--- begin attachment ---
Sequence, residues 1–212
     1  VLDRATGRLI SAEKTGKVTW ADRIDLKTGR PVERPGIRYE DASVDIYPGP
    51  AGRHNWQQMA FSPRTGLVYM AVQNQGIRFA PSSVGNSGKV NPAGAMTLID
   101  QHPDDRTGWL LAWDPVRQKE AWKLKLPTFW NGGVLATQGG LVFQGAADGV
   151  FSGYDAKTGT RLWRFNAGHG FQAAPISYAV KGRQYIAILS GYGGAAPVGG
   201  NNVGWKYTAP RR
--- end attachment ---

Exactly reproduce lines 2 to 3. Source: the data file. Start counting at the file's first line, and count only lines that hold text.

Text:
     1  VLDRATGRLI SAEKTGKVTW ADRIDLKTGR PVERPGIRYE DASVDIYPGP
    51  AGRHNWQQMA FSPRTGLVYM AVQNQGIRFA PSSVGNSGKV NPAGAMTLID